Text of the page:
Morrill is a prominent figure in Catholic sacramental and constructive liturgical theology. Prior to coming to Vanderbilt, he was on the faculty of Boston College for 15 years and has held visiting chair appointments and fellowships at a number of institutions in the United States and Ireland. Morrill is an ordained Roman Catholic priest and a member of the Society of Jesus (the Jesuit order).
School of Engineering
Russell F. Dunn, professor of the practice of chemical and biomolecular engineering
B.S., M.S., Ph.D., Auburn University, 1984, 1988, 1994
Before joining the Vanderbilt faculty this fall, Dunn was the founder and president of Polymer Chemical Technologies, LLC. His research focuses on energy conservation and waste minimization process design for industry and research on safety issues involving polymer product failures and large chemical plant releases.
William A. Grissom, assistant professor of biomedical engineering
B.S.E., M.S.E., M.S.E., Ph.D., University of Michigan, 2004, 2006, 2007, 2008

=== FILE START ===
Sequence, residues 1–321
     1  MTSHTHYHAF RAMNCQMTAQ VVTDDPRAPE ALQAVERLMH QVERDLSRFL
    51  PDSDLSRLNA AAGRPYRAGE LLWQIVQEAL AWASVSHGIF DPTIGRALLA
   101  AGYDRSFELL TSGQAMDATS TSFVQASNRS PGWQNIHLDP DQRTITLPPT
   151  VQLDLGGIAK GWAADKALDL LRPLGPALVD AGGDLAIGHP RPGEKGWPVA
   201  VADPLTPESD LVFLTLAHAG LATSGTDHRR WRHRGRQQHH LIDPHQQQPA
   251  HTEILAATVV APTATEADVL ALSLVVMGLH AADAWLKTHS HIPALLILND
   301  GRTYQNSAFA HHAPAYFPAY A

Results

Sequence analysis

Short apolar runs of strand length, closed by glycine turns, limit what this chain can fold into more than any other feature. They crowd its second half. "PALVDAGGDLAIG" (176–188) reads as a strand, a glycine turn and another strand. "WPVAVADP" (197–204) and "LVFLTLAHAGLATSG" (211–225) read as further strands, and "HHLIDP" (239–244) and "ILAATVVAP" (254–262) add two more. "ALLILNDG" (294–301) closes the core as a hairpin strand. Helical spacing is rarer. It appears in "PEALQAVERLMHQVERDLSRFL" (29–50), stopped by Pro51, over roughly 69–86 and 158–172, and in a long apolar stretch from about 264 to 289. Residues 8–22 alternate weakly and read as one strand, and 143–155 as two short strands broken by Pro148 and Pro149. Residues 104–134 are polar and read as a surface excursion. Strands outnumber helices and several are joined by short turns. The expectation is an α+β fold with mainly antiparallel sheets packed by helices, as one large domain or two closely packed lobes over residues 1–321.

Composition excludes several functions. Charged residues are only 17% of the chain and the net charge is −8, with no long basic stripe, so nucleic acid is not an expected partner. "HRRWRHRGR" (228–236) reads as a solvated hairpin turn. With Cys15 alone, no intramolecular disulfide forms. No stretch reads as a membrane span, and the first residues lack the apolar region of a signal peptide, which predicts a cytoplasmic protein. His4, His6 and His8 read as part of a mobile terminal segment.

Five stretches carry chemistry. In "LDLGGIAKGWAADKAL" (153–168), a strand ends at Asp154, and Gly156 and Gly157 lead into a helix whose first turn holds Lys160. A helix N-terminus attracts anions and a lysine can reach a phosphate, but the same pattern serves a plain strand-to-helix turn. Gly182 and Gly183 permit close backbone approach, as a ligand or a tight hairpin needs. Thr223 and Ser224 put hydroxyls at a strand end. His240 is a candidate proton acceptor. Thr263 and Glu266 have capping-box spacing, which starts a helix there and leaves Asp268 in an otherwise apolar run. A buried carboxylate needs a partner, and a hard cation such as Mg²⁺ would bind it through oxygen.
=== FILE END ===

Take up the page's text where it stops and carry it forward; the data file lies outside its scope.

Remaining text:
Grissom previously worked as a research engineer at GE Global Research in Munich, Germany. His research interests include high field and interventional MRI methods, and his teaching interests include biomedical instrumentation, MR engineering and biomedical signal and image processing.
Larry Nathan Hamm, assistant professor of the practice of computer science
B.S., M.S., Ph.D., Vanderbilt University, 2003, 2005, 2011
Hamm joined the Vanderbilt faculty after earning his Ph.D. in computer science. He enjoys modeling the effects of variability on scheduling algorithms, workload characterization and evaluation, and developing graphical MATLAB and C++ modeling tools.
Pietro Valdastri, assistant professor of mechanical engineering
M.Sc., University of Pisa, 2002
Ph.D., Scuola Superiore Sant’Anna, 2006